Steve Beagelman:
Those are things that we look for as we talk to people about whether franchising may be right for them or may not be right. It’s not right for everybody. I tell people, Leslie, that franchising is a marathon, not a sprint. So if you want to have 500 franchises in the first two years, that’s probably not going to happen and it’s not realistic and you’re not going to be able to support those franchisees. So we tell people, you have to be prepared for the long run in franchising, and it could be very rewarding. We’ve had many of our clients not only launch into franchising, grow, and then do private equity exits. And I spend probably 20 to 30% of my personal time doing private equity transactions with our clients now. That’s very exciting, but there’s a lot of work between the beginning and that. And you have to be willing to put in the time, the effort and the energy to get to that point. And you have to be willing to work much more on your business than just in your business.

Leslie Kuban:
And Steve, we have a similar mission. Part of the mission for my show, for Atlanta Franchise Today, is to support franchising, to elevate franchising and a big component of that is to help entrepreneurs understand when they are or when they’re not ready to enter into franchising, so I’d like us to speak pretty frankly about that. You started to touch on this, that sometimes entrepreneurs call you up and maybe they have this vision of growing to 500 units in two years as you said, so I imagine there’s probably some common misperceptions that entrepreneurs have when they’re starting to investigate franchising as their growth strategy. What are some of the common ones that you hear?

Steve Beagelman:
lot of times people think that, “Okay, I’m just going to franchise my business and I don’t really have to do anything, but everybody’s going to do exactly what I tell them and they’re just going to operate them and I never have to go check up on the operations and I don’t have to answer phone calls from them and they’re just going to send me my royalty checks.” Doesn’t exactly work like that. You have to support your franchisees. You have to help make sure they’re successful, even though it’s the franchisee’s responsibility to grow their business locally, whether it’s brick and mortar or a mobile concept, they still need the guidance and the direction from the franchisor. If there’s product issues, if there’s logistical issues, they’re going to be calling you as the franchisor, and it’s your responsibility, whether it’s you or your team’s responsibility to support those franchisees.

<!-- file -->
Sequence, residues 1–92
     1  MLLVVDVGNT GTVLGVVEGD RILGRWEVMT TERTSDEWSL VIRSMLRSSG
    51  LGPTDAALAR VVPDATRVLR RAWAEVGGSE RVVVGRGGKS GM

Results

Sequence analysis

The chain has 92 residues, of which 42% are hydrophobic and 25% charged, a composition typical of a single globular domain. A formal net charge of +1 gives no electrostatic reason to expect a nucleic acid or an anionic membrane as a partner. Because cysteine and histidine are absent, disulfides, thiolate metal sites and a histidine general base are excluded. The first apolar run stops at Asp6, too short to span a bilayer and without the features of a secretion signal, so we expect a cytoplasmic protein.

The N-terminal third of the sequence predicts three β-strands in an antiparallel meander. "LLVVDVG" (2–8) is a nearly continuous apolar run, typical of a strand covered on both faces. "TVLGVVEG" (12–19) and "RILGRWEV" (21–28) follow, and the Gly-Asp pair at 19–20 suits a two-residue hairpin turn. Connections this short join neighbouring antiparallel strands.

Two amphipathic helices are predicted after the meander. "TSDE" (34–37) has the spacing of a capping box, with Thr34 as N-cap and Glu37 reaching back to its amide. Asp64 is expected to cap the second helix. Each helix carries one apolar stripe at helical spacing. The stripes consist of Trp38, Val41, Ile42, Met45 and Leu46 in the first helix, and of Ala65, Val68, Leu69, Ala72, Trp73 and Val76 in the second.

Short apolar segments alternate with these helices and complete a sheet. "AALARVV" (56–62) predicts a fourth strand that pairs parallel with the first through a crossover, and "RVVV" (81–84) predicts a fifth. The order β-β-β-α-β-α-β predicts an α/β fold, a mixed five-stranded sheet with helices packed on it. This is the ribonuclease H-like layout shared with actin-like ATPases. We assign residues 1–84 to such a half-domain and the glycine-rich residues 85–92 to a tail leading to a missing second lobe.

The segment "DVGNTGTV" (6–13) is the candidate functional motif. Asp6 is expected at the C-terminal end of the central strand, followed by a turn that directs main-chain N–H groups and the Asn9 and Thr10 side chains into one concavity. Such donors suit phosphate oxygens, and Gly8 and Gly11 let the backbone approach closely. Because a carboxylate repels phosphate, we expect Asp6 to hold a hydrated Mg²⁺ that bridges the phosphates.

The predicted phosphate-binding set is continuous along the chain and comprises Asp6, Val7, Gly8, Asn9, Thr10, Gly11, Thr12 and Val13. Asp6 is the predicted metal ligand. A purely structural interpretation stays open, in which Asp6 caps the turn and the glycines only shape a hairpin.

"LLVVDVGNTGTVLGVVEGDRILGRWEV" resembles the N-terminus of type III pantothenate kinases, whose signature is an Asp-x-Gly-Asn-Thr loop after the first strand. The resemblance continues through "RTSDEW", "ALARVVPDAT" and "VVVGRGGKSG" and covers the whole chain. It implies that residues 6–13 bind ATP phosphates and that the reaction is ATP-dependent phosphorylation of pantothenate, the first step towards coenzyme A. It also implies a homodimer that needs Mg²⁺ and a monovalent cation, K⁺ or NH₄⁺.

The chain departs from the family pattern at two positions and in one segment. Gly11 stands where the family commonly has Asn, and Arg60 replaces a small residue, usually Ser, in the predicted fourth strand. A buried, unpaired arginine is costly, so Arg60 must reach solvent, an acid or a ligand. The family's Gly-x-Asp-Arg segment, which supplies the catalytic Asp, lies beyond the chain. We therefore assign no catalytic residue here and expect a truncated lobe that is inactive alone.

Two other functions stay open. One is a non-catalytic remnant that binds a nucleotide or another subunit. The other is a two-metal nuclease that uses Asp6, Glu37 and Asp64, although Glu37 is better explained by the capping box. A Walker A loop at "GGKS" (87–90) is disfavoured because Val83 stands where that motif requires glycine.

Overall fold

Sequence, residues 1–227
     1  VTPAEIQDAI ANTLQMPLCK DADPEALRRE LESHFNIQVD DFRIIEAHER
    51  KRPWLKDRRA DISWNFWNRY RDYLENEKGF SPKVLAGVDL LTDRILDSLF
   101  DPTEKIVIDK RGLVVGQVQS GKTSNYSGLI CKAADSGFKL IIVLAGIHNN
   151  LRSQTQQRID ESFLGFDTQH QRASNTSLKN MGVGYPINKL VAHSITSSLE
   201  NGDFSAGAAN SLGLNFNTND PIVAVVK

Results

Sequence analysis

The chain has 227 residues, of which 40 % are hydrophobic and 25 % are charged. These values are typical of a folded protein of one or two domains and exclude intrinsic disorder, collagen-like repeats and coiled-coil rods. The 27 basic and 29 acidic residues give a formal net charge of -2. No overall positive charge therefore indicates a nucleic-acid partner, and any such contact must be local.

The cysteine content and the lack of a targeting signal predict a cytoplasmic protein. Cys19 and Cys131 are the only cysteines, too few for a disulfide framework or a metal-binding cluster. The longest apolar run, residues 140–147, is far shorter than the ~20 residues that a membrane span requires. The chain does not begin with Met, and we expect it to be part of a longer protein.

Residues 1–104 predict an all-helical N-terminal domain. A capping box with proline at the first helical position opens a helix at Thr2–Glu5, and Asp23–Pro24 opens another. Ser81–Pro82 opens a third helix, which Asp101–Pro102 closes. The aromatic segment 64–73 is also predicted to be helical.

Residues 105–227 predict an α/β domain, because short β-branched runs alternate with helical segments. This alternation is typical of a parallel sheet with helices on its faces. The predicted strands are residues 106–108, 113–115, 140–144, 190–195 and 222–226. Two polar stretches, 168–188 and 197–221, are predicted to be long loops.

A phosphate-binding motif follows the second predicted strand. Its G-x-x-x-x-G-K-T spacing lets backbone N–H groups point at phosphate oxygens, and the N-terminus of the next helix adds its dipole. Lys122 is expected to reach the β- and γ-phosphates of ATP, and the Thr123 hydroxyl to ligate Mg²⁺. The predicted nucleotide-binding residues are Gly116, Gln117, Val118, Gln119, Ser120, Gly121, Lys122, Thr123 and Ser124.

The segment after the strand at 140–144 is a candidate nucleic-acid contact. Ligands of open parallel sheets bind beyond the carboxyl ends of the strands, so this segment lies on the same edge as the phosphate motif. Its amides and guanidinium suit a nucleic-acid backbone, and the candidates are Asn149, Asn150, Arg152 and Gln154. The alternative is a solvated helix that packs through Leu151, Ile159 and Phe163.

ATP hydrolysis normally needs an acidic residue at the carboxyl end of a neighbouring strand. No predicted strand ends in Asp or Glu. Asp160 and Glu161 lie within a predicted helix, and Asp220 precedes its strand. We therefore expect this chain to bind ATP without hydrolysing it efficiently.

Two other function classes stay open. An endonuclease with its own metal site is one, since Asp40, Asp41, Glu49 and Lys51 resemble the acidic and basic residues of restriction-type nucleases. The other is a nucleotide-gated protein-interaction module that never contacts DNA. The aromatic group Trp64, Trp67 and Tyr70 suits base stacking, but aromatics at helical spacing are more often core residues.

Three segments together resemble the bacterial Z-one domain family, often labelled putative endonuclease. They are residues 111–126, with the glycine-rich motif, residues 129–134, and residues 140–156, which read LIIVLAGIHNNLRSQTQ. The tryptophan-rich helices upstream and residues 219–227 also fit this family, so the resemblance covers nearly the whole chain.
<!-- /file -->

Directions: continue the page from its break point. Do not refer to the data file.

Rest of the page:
Steve Beagelman:
I think there is a misconception sometimes that people think, oh, they’re just going to use my name. They’re just going to send me a royalty check, and I don’t really have to do anything. That is not the case. You’re going into a whole new business when you franchise your concept. And we tell people that, whole new business. Now you’re a franchisor. You’re going to build a franchise organization. When I was with Rita’s, we had 40 some odd corporate employees that supported our 300 plus franchisees. Okay. So that’s training managers, that’s franchise support managers or business coaches, that’s a construction team, that’s a real estate team, that’s a franchise sales team, that’s a whole accounting department, finance. You have to have all these systems in place. Now you’re not going to have that day one, if you’re starting to franchise your business, but you have to have the vision of building a team and doing that. And if you’re not prepared for that, and the long haul and the hard work, then franchising is definitely not the right direction for you.